SEC Reopens Comment Period for Certain Comments Submitted Between June 2021 and August 2022, Including on Climate-Related Disclosure

Alerts / October 20, 2022

The U.S. Securities and Exchange Commission (SEC) issued a release on Oct. 7, 2022 (Release No. 33-11117, the “Release”) indicating that it was reopening comment periods for 11 proposed rules and a request for comment. The extended comment period will run until Nov. 1, 2022.

A technical issue with the SEC’s online submissions system impacted online comment submissions made between June 2021 and August 2022. BakerHostetler issued a May 11, 2022 client alert about the SEC’s proposed rules on climate-related disclosures, and the Release extends the comment period for that proposal as well (Release No. 33-11042, the “ESG Proposal”), in addition to 10 other proposed rules and a request for comment – all of which are listed below:

Release Title with Link and Release Date

Close of Most Recent Comment Period

Reporting of Securities Loans (Nov. 18, 2021)

April 1, 2022

Prohibition Against Fraud, Manipulation, or Deception in Connection with Security-Based Swaps; Prohibition against Undue Influence over Chief Compliance Officers; Position Reporting of Large Security-Based Swap Positions (Dec. 15, 2021)

March 21, 2022

Money Market Fund Reforms (Dec. 15, 2021)

April 11, 2022

Share Repurchase Disclosure Modernization (Dec. 15, 2021)

April 1, 2022

Short Position and Short Activity Reporting by Institutional Investment Managers (Feb. 25, 2022); see also Notice of the Text of the Proposed Amendments to the National Market System Plan Governing the Consolidated Audit Trail for Purposes of Short Sale-related Data Collection (Feb. 25, 2022)

April 26, 2022

Cybersecurity Risk Management for Investment Advisers, Registered Investment Companies, and Business Development Companies (Feb. 9, 2022)

May 9, 2022

Private Fund Advisers; Documentation of Registered Investment Adviser Compliance Reviews (Feb. 9, 2022)

June 13, 2022

The Enhancement and Standardization of Climate-Related Disclosures for Investors (May 9, 2022)

June 17, 2022

Special Purpose Acquisition Companies, Shell Companies, and Projections (March 30, 2022)

June 13, 2022

Investment Company Names (May 25, 2022)

August 16, 2022

Enhanced Disclosure by Certain Investment Advisers and Investment Companies about Environmental, Social, and Governance Investment Practices (May 25, 2022)

August 16, 2022

Request for Comment on Certain Information Providers Acting as Investment Advisers (June 15, 2022)

August 16, 2022

No other proposed rules, requests for comment or other material issued by the SEC were noted as being impacted in the Release, though the SEC notes that certain self-regulatory organization (SRO) matters may have been impacted and will be assessed based on comments resubmitted with respect to such SRO matters.

Regarding the ESG Proposal in particular, the proposed rules were anticipated to phase in for large accelerated filers for fiscal year (FY) 2023 reporting and all other registrants for FY 2025 reporting (2024 for accelerated filers and 2025 for smaller reporting companies), with the required content of those disclosures expanding through reporting for FY 2027 (from limited to reasonable assurance), when all contemplated reporting requirements would apply. Potential delays caused by the extended comment period might push back the ESG Proposal’s compliance dates, though companies preparing for new disclosures contemplated in the ESG Proposal should not assume the extension would have that effect.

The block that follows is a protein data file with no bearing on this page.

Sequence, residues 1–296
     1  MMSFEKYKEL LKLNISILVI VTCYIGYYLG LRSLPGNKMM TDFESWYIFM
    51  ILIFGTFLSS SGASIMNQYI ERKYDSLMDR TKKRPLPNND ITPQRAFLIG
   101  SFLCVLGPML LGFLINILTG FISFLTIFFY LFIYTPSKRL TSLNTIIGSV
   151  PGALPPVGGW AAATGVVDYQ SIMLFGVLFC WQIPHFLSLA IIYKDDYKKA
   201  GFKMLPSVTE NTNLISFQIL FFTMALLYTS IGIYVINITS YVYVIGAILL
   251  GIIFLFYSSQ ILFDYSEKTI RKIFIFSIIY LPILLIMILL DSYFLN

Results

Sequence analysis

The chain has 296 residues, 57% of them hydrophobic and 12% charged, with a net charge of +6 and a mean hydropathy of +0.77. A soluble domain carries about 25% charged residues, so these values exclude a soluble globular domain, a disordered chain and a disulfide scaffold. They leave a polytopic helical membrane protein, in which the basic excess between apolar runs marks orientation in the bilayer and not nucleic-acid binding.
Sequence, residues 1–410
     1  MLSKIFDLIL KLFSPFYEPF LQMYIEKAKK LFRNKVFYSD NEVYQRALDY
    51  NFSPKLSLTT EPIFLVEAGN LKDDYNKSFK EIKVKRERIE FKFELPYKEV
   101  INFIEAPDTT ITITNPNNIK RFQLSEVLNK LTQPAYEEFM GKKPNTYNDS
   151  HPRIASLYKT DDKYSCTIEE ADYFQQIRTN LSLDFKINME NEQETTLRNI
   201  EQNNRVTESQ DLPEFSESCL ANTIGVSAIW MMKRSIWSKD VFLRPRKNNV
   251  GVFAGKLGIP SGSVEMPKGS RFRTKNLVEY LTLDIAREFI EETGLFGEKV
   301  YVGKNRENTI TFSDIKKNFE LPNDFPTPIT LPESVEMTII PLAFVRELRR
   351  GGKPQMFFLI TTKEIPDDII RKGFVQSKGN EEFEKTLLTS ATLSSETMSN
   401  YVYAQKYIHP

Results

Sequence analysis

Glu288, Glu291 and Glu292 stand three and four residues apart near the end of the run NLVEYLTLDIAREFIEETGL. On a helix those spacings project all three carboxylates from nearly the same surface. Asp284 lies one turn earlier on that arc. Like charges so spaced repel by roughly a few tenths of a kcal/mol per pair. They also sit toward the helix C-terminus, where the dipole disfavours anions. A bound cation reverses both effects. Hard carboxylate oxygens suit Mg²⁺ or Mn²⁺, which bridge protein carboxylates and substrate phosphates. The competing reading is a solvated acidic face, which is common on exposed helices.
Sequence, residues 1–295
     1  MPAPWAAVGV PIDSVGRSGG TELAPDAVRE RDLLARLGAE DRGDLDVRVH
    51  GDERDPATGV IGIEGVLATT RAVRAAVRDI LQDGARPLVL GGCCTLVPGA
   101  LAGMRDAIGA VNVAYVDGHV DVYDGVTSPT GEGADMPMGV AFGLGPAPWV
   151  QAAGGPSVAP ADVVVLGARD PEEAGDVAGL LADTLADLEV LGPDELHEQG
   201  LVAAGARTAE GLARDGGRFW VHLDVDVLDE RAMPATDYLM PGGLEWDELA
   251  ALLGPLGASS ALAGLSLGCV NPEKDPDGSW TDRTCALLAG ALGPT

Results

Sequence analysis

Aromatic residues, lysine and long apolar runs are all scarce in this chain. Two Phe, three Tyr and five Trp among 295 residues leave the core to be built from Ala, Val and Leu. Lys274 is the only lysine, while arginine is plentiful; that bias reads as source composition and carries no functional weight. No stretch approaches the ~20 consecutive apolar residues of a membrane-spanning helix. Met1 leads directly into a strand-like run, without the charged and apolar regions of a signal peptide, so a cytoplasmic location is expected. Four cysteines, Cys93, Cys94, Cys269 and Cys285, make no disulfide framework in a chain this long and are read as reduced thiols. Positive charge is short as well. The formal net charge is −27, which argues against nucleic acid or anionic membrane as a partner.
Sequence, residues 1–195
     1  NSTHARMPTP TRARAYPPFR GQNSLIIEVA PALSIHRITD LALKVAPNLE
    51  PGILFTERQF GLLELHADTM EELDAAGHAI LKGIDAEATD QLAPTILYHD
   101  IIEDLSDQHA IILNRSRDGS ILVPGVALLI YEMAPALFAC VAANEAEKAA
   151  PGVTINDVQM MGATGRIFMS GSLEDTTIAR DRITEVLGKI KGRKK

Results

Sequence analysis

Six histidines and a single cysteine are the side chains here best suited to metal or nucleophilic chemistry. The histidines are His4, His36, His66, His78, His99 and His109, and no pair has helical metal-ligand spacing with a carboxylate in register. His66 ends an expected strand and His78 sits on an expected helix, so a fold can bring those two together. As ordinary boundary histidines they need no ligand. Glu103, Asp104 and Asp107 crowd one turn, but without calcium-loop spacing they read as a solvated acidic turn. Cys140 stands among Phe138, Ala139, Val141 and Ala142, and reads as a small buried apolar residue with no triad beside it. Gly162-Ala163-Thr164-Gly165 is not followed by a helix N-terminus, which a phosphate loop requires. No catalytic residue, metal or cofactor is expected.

Further uncertainty regarding the timing and scope of the climate-related disclosure requirements is expected to arise due to legal challenges to the SEC’s authority to implement them. Included in the previously submitted comments were arguments on both sides, including from the Working Group on Securities Disclosure Authority, which believes that the rules in the ESG Proposal are likely to survive such challenges. The group’s signers include multiple former SEC chairs, former SEC general counsels and top securities law professors, and its letter concluded as follows:

As noted above, we hold a wide range of views on the specifics of the SEC’s proposals. But whatever our views on those subjects, we are unanimous in our conclusion that the Commission has statutory authority to mandate climate-related disclosures. We urge the SEC to give little weight to claims that it lacks authority in this area, instead focusing on the difficult policy choices that developing these rules will necessarily require.

However, the SEC must also take into account the Supreme Court’s June 2022 ruling in West Virginia v. Environmental Protection Agency, in which the Court limited the EPA’s ability to regulate greenhouse gas emissions from power plants based on the “major questions doctrine.” BakerHostetler issued an August 12, 2022 client alert about this case. The major question doctrine provides that in certain “extraordinary cases,” administrative agencies must have “clear congressional authorization” to make decisions of vast “economic and political significance.”

The legal challenges that may be raised and how they will be resolved remain to be seen. Since the extension was announced, additional comments have already been posted for the SEC’s consideration in developing the final formulation of the rules.

To take advantage of the extended comment period for any of the matters listed above, please contact Michael W. Moyer at, Jeffrey P. Berg at, Matthew Sferrazza at or Janet A. Spreen at

Authorship credit: Michael W. Moyer, Jeffrey P. Berg, Matthew Sferrazza and Janet A. Spreen

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